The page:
People helping people through Wheels for Hope in Guelph can only be done if there are enough volunteers to drive patients to their cancer treatments.
Mark Kahan, recruitment coordinator for the Guelph Wheels for Hope is putting out a plea for more volunteer drivers.
“I wish I could say we only needed three or four people but … like I said, the reality is we need probably 10 … to 20 people,” said Kahan.
The program currently has four volunteers.
He is looking for volunteers to give a day per week or a few days a month to drive passengers.
The program is run Monday through Friday. Most patients need to be taken to Kitchener, Hamilton and occasionally London, Kahan said.
The program is provided through the Canadian Cancer Society and has run in Guelph since 1984. So far this year in Guelph-Wellington about 800 rides have been given.
“So we have a van that's in Guelph. And I really wanted to stress the need of volunteer drivers that we need to drive that van because it's basically sitting there and not being used. We've had a few drivers that have left for medical leaves, and snowbirds. They're gone for the winter. They're not back until spring,” he said.
Volunteers are welcomed to use their own vehicle as long as it is 100 per cent smoke free, Kahan said. Mileage will be reimbursed.
Kahan is a survivor of childhood cancer.
“I always say that … this job found me,” he said of his current role.
When he was a volunteer for Wheels for Hope and before he started he was a bit worried the passengers would be sad or depressed. “But at the same time I couldn't have been more wrong. The people I drove were lifting my spirits up,” he said.
Kahan said he hears from volunteers that some of the passengers will bring them baked goods or try to give them Tim Hortons’ gift cards.
“It's just really special, special relationships between complete strangers driving them to their cancer treatments. Like I said, the volunteers have told me over and over that Mark, they say that they … feel like they get more out of this program than the people that they're helping,” he said.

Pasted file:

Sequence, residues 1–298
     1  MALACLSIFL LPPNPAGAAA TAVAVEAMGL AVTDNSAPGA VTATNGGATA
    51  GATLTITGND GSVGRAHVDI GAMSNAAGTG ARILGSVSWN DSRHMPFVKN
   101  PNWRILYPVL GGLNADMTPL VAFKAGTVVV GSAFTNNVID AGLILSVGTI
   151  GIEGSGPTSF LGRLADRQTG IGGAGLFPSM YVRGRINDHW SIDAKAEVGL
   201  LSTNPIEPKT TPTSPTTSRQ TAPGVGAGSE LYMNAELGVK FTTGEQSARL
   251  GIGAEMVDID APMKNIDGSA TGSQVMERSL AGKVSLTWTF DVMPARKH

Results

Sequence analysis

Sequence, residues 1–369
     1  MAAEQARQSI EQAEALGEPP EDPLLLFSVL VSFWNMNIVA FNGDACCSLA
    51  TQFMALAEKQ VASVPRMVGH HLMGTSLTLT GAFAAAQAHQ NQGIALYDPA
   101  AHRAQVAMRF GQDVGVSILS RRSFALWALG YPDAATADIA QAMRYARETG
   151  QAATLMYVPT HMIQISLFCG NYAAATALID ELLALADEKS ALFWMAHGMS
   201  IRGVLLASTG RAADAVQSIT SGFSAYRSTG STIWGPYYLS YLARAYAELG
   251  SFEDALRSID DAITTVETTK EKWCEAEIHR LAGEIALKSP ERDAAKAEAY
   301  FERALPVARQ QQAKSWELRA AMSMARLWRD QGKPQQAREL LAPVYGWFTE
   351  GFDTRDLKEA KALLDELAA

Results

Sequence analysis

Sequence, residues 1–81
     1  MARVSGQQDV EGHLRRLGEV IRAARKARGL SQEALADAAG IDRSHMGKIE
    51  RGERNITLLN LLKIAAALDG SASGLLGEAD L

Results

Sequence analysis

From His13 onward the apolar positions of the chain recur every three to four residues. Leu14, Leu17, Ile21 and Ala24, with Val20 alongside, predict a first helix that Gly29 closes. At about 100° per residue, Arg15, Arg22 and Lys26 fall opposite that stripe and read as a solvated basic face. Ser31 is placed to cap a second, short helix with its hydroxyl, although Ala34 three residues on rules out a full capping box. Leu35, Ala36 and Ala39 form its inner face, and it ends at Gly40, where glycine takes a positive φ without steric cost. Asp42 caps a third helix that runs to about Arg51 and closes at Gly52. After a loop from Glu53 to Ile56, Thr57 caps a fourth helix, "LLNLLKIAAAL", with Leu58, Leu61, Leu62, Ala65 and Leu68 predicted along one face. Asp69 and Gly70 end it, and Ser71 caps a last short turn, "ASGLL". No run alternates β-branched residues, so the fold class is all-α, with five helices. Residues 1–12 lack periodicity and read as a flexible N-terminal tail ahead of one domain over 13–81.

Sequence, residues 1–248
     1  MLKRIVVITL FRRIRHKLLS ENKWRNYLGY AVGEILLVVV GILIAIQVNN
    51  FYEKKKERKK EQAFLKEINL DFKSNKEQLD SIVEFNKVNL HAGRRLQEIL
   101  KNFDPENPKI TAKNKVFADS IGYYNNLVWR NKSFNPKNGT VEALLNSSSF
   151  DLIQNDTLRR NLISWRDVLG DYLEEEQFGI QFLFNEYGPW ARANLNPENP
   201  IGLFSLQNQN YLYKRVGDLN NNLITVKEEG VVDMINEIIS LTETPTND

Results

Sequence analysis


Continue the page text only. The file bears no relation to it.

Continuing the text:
Kahan had been told by a volunteer and a patient an anecdote showing the depth and care of the program. The two of them in the car started talking about Elvis. The driver put Elvis on the car stereo.
“So she started singing all the way to her treatments, you know, singing along with Elvis. And it was just the driver told me later that he had kind of tears rolling down his face. He didn't let the client know that,” said Kahan.
“You know I’m not saying that every person is happy and going to be singing all the way to their cancer treatment. But my point is, it's the gratitude and the compassion of these volunteers. And it's the smallest little acts of kindness can make a huge difference in someone's life. You know that ... little thing just made her day. And she said to me, Mark, I was just tickled pink. I'll never forget those words.”
“We have a lot of volunteers that have lost family members that they dedicate their driving to their family members that they lost. Definitely a lot of people that have lost their husbands or wives to cancer,” said Kahan.
He said even some of the drivers used the program previously when they went through cancer.
“Driving someone doesn't seem like a big deal for most of us. But it is a huge deal for the people we're transporting. Because they're using us because they don't have a way to get to their treatments,” Kahan said.
“And I would just say that our volunteers are literally making a difference in someone's life.”